Review the accommodation request from the employee or health care provider to determine whether the requested accommodation would create an undue hardship to the employer (see Step 7 below). Suggest alternatives to the requested accommodations if the initial request creates an undue burden, but there is another cost-effective way to provide the needed accommodation.

Continue the interactive process until you find the accommodation(s) that meets the needs of the employee and does not create an undue hardship on the employer.

Obtain verification from the employee and his or her health care provider that the agreed-upon accommodation will not worsen the employee’s disability or cause other problems.

Select and document specific accommodations that will be made.

Step 7: Determine if the accommodation is “reasonable” or creates an “undue burden”

Employers should be careful when using the undue burden or hardship defense as a rationale to not accommodate an ADA/ADAAA request.

  • The EEOC, when determining if the employee request creates an undue burden to the employer, looks not only at the cost of the particular accommodation but the financial stability of a company. If the company is making significant profits or has a sizable net worth, the employer may not be able to prove that the requested accommodation would have a significant financial impact, therefore creating an undue hardship. For example, it may be an undue hardship for a nonprofit organization with limited funds to provide a special chair that costs $1,000 as an accommodation to an employee. However, the same request by an employee working in a for-profit organization that made sizable profits may not be seen as an undue hardship for that employer.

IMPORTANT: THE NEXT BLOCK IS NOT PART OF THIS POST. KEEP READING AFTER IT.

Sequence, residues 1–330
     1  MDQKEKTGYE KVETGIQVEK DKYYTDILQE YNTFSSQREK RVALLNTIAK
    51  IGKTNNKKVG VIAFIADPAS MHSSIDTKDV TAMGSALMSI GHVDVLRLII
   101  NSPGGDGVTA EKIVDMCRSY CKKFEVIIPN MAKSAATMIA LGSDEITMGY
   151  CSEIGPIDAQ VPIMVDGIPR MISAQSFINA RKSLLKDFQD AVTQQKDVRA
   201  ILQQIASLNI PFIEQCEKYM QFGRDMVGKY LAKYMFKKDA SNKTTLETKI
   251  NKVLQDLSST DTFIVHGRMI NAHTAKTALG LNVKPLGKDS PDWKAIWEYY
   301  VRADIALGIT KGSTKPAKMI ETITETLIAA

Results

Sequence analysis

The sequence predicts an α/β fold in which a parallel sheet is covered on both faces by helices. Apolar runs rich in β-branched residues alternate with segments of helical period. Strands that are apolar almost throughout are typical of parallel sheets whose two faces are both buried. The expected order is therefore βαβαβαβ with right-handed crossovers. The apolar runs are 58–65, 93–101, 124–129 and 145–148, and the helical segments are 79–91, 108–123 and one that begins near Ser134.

• Accommodations that could result in an undue hardship include modifications that are “unduly extensive or disruptive, or those that would fundamentally alter the nature or operation of the job or business,” according to the EEOC. For example, small employers that require their employees to be able to perform a number of different jobs and tasks may not find it feasible or cost-effective to provide job restructuring as a “reasonable accommodation,” whereas in larger organizations, this may be a free or low-cost option.

  • The EEOC does not see the impact on employee morale as a reasonable undue hardship defense.

Obtain input from the supervisor who has knowledge about the duties of the position and the worksite to help determine the feasibility and what may be a “reasonable” accommodation.

Massive modifications/restructuring to the essential job duties so that the position no longer resembles its purpose are also not considered reasonable--for instance, removing driving duties from a truck driver.

Step 8: Notify the employee

Notify the employee in writing that his or her requested accommodation has been approved or denied. Be sure to include details of the accommodation and the anticipated start date.

Maintain all copies of accommodation requests, supporting medical information and documentation, including denials, in a file separate from the employee personnel file, consistent with the confidentiality requirements of the ADA.

Step 9: Review and modify

Remember that the accommodation process is not set in stone and may need to be reviewed, especially if an employee's disability changes or the needs of the business change.

Example 1